3. Would you elaborate how your objection against Gale and Pruss' cosmological argument doesn't apply to your argument as well i.e. that the argument rules out libertarian free will? In your paper, you address this point by saying all your argument concerns itself with are caused simples, and nothing else. That aside, could one argue that your argument concerns itself with objects, while libertarian free actions are events and hence the problem doesn't even arise?

4. (This question may come off as particularly ignorant) Without the premise of atomism, would your argument work for caused objects in general, and not specifically caused simples?

5. Finally, does your argument depend on a notion of primary vs. secondary causation, or would it entail that the First Cause is the sole cause of all caused simples? Does it entail that naturally, simples are uncausable?

Thanks again for the brilliant paper and your patience,
Hassan

Anoniem zei

Beste Emanuel,

Hoe is het eerste oorzaak-argument te rijmen met de eerste wet van de thermodynamica?

Is het betrokken zijn van alles wat is in een cyclisch gebeuren, waarin wat wij *oorzaak* en *gevolg* noemen eigenlijk niets anders zijn dan verschijningsvormen van hetzelfde (nl. energie), niet even goed, zo je wilt even moeilijk, te accepteren dan het lineair terugvoeren van al wat is en gebeurt naar één eerste oorzaak?

De cyclus zelf kan beschouwd worden als niet veroorzaakt; die is er gewoon.
Je zult nu zeggen: zó gewoon is dat niet; het is zelfs onmogelijk.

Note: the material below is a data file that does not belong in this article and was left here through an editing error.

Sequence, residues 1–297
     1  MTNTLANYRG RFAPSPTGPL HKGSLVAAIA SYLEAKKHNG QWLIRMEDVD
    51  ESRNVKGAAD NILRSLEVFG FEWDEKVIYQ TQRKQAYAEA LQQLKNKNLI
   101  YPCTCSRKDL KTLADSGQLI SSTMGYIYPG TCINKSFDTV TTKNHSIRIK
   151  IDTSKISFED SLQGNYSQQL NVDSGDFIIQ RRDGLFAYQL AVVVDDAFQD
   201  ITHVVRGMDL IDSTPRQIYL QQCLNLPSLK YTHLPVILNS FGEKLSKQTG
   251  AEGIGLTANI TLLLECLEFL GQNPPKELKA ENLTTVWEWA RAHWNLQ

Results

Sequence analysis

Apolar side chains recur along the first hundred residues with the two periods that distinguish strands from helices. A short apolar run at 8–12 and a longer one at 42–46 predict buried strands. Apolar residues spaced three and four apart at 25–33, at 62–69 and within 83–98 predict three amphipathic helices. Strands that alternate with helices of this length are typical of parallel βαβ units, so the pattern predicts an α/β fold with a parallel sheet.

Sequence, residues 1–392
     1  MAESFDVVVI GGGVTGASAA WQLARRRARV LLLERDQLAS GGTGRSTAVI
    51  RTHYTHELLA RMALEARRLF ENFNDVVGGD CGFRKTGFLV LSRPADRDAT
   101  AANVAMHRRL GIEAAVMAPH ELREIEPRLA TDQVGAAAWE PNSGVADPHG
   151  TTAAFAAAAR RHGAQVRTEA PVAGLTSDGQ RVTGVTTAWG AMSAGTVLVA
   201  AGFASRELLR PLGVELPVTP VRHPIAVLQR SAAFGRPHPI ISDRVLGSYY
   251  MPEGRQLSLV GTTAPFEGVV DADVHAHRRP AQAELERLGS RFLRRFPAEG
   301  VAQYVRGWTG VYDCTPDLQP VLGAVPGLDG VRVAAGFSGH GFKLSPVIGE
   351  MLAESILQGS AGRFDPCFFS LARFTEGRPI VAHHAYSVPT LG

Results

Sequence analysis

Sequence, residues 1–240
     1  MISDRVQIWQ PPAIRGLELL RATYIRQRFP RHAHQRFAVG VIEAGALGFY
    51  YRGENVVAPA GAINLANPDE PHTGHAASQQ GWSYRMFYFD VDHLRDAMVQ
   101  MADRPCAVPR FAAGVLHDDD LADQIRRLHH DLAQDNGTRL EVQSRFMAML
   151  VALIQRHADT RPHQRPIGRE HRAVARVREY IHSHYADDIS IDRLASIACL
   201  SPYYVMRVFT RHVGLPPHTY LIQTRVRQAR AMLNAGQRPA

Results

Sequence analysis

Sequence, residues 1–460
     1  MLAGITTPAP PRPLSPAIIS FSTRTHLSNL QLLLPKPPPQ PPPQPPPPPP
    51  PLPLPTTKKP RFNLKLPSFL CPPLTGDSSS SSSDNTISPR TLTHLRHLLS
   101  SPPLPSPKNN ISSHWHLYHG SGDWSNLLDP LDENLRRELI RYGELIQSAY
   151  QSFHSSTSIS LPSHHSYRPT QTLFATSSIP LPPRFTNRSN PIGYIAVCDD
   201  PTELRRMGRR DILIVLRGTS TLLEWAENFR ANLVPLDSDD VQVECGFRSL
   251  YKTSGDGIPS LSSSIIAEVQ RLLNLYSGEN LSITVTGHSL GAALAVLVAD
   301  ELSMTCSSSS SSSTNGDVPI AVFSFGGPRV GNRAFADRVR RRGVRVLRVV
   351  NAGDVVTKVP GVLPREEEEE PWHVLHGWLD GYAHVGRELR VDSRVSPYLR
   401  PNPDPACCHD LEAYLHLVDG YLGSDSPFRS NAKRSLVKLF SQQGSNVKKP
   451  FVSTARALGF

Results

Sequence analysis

Ik zou dan willen zeggen: het moge onbegrijpelijk zijn en onmogelijk lijken, maar wat er is en wat wij constateren mogen wij wel beschouwen als zijnde een mysterie en vooralsnog onbegrijpelijk, maar niet als onmogelijk.

Postuleren dat er een eerste oorzaak is neemt het probleem (mysterie) niet weg, maar verschuift het alleen maar en creëert er daardoor een nieuw probleem bij, namelijk dat alles veroorzaakt is door iets wat niet veroorzaakt is. De verklaringskracht van een dergelijk postulaat is nihil.

Parafraserend zou ik willen zeggen: problemen moeten niet zonder noodzaak verschoven worden.

vr. groet,
Jessica


Emanuel Rutten zei

Dear Hassan,

Thank you very much for your interest in my dissertation. You pose excellent questions, which indicate that you have carefully studied my arguments. I'm delighted by that and by the fact that my arguments have found their way even to Bangladesh! I'v deep respect for Muslim philosophers such as Ibn Sina and Ibn Rushd and I do welcome intellectual exchange with muslim philosophers working directly or indirectly in that philosophical tradition, such as yourselves. Yet, I do not have time on short notice to respond to all your questions. As soon as I find the time I surely will do so. Promised. For now, thanks again for your open and thoughtfull post on my blog!

Kind regards,
Emanuel